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Design and Construction of a Novel Simple and Low-Cost Test Bench Point-Absorber Wave Energy Converter Emulator System

Ephraim Bonah Agyekum
Seepana PraveenKumar
Aleksei Eliseev
2 and
Vladimir Ivanovich Velkin
Department of Nuclear and Renewable Energy, Ural Federal University Named after the First President of Russia Boris, 19 Mira Street, 620002 Ekaterinburg, Russia
Ocean Rus Energy, Yubileynaya Street 1 Square 18, 623107 Pervouralsk, Russia
Author to whom correspondence should be addressed.
Inventions 2021, 6(1), 20;
Submission received: 3 February 2021 / Revised: 15 March 2021 / Accepted: 18 March 2021 / Published: 22 March 2021
(This article belongs to the Special Issue Low-Cost Inventions and Patents)


This paper proposed a test bench device to emulate or simulate the electrical impulses of a wave energy converter (WEC). The objective of the study is to reconstruct under laboratory conditions the dynamics of a WEC in the form of an emulator to assess the performance, which, in this case, is the output power. The designed emulator device is programmable, which makes it possible to create under laboratory conditions the operating mode of the wave generator, identical to how the wave generator would work under real sea conditions. Any control algorithm can be executed in the designed emulator. In order to test the performance of the constructed WEC emulator, an experiment was conducted to test its power output against that of a real point-absorber WEC. The results indicate that, although the power output for that of the real WEC was higher than the WEC emulator, the emulator performed perfectly well. The relatively low power output of the emulator was because of the type of algorithm that was written for the emulator, therefore increasing the speed of the motor in the algorithm (code) would result in higher output for the proposed WEC emulator.

1. Introduction

The need for a cleaner, cheaper and more reliable source of energy generation has led to increasing research in several renewable sources to assess their technoeconomic potential to meet global energy needs [1,2,3,4,5,6]. To meet this increasing demand for energy and also solve the issues related to reliability and availability, research on ocean wave energy has increased in recent times due to the huge energy potential it possesses [7,8]. Wave energy generation is at its initial stage of development and utilization; however, it presents lots of possibilities for the future due to its huge potential, relative to electricity production [9,10,11]. Research shows that the world’s wave energy resources are about 17 TW h/year, with the highest average wave power located in the mid-latitudes, i.e., between 30° and 60° [9]. Offshore wave power levels averaged over the years vary from 30 to 100 kW/m and are located in latitudes of 40–50°, as well as smaller power levels further north and south. The average wave power in most tropical waters is below 20 kW/m [12].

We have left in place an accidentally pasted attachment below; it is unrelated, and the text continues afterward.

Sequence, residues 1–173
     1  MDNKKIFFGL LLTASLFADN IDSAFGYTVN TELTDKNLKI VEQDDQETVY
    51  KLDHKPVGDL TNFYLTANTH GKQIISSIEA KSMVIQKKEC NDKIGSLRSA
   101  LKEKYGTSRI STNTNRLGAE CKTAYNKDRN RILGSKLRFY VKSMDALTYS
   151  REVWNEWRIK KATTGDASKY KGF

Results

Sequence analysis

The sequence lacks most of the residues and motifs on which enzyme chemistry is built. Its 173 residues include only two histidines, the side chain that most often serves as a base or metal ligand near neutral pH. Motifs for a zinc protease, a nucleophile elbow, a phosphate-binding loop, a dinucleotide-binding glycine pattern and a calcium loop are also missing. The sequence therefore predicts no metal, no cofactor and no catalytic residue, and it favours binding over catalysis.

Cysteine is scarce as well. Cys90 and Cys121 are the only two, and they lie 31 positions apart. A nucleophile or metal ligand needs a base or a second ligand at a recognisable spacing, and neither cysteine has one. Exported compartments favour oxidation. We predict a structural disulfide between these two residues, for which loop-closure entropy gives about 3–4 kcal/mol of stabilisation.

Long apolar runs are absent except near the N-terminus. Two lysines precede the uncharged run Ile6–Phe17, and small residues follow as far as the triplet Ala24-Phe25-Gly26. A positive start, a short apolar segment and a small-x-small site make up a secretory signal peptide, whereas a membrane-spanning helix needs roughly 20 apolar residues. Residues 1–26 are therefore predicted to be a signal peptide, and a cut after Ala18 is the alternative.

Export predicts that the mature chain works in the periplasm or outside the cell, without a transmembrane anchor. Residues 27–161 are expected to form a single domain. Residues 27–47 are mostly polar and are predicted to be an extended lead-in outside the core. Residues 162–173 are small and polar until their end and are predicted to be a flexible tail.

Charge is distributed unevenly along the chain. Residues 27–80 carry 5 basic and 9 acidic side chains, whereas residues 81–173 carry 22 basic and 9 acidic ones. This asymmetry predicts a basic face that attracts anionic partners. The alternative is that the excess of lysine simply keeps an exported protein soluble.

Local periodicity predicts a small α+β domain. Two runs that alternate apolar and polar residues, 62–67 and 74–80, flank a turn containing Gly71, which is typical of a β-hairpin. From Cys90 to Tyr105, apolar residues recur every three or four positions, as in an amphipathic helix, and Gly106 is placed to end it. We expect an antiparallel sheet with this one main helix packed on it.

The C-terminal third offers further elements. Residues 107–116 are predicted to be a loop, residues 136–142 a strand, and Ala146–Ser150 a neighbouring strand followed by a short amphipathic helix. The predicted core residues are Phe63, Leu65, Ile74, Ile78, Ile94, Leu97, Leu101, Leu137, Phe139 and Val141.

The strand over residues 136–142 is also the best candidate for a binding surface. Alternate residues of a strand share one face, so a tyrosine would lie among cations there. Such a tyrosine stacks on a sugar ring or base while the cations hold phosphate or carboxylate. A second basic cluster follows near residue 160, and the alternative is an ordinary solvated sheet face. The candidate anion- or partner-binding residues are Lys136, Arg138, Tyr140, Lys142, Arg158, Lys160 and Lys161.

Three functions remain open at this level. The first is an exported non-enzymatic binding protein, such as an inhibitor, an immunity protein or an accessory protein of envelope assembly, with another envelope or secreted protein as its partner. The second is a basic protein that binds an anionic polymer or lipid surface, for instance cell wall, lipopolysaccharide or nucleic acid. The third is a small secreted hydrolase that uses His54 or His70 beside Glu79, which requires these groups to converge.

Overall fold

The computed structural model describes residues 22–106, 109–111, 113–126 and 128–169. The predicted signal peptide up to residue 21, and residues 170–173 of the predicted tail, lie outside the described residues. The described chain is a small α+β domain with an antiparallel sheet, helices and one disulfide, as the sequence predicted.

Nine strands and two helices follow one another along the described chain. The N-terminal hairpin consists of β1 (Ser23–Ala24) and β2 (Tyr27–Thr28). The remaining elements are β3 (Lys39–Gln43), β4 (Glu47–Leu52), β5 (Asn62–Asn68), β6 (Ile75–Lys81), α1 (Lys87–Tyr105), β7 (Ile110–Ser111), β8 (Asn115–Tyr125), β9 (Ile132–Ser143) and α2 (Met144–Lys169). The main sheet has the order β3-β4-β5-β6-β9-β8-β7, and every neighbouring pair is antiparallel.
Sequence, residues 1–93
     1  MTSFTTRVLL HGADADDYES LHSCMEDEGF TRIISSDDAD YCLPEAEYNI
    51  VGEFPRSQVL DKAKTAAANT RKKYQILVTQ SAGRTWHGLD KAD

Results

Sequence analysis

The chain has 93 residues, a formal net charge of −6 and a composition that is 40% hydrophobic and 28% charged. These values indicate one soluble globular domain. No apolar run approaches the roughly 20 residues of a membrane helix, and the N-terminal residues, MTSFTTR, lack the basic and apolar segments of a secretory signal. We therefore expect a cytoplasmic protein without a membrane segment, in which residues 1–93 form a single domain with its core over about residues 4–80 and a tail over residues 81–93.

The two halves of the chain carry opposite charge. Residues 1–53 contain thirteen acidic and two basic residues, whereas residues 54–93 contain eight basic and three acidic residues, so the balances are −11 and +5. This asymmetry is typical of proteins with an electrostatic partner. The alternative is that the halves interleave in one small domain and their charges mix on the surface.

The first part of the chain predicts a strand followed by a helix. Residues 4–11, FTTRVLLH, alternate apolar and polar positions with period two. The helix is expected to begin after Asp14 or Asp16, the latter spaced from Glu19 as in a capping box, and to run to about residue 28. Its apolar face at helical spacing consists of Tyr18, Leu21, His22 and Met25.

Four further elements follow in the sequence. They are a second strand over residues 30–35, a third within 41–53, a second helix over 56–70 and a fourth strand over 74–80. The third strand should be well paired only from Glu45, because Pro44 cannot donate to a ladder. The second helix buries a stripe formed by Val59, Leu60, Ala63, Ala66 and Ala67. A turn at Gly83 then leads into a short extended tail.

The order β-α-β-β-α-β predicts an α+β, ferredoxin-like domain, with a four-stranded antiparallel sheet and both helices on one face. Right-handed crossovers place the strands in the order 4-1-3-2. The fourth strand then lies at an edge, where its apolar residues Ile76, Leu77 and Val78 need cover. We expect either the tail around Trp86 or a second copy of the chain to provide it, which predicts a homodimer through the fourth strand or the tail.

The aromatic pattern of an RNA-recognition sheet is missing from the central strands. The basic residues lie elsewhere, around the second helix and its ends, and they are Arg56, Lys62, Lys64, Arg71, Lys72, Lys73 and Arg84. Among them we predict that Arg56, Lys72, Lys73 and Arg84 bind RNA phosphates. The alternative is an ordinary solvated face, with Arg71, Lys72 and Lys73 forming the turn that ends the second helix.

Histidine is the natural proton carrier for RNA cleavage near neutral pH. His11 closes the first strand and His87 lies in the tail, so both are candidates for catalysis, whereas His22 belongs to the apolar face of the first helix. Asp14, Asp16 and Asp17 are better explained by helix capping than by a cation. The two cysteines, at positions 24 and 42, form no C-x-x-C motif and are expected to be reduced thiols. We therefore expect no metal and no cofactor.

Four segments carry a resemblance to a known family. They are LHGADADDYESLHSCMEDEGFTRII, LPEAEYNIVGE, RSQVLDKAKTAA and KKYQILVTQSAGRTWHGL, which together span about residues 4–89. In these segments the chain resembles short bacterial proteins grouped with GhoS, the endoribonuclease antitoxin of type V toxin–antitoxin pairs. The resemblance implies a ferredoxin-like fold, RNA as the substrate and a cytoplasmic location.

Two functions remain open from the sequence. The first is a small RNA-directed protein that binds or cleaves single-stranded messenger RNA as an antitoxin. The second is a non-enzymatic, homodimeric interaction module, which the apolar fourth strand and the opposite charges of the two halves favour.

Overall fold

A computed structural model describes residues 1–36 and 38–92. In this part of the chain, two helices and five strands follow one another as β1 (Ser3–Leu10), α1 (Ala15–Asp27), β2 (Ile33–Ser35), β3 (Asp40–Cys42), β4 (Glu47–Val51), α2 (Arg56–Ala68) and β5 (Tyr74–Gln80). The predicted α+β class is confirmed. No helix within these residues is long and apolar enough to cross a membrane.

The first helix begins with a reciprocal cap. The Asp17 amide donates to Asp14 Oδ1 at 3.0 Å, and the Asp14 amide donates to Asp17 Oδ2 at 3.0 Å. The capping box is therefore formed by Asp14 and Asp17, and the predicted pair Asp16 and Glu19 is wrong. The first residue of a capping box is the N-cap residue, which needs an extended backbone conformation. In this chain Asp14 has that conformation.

Research toward the design and development of appropriate conversion devices has been progressive over the years. The design of a particular wave energy converter (WEC) is usually dependent on the location of its installation in the sea [13,14]. A survey of WECs showed a variety of designs, namely: attenuators, oscillating water columns, point absorbers, wave surge converters, overtopping devices and submerged point absorbers. Each of these systems has its own unique power take-off (PTO) mechanisms and can introduce fluctuations in grid voltage as a result of their variable power output when connected to a distribution grid. The variability associated with it is basically a function of the intensity of the wave for a given time and the dominant wave period [15]. There are, however, some barriers that have affected the development and use of marine energies, such as uncertainties associated with impacts from the marine environment on the wave farms [9,16,17], immature technology [9,18] and the fact that these technologies are regarded as economically unviable [19].
Experimental testing of WECs is key in its development; however, sea trials are too expensive and time consuming, and as a result, it ought to be preceded by small- to medium-scale testing. Even though this does not give a full representation of the performance of the prototypes accurately, it provides important information to developers, researchers and investors/entrepreneurs. Testing of models is a critical step in the development of offshore renewable energy technologies (RETs). It consists of challenges that demand guidance and experience. Hence, costly mistakes could result in a waste of resources and time [20].
A number of studies have either theoretically, experimentally or numerically assessed the performance of wave energy converters. Têtu [21] gave guidelines toward the development of WECs; their study also provided some guidance on model testing for WECs. Tongphong et al. [22] presented a novel WEC known as the ModuleRaft WEC comprising a floating modular flap and four rafts hinged at the main floating structure. They investigated the motion characteristics, optimization and performance of the model under regular wave conditions with the ANSYS AQWA model. Results from their study suggested that the ModuleRaft WEC operates best by utilizing all directions of wave energy by using a single-point mooring system. Al Shami et al. [23] studied the impact of increasing the total number of degrees of freedom by adding submerged objects to a point-absorber WEC. This was aimed at capturing more power with a lower resonant frequency with the same total mass and volume, similar to that of a piezoelectric vibration energy harvester.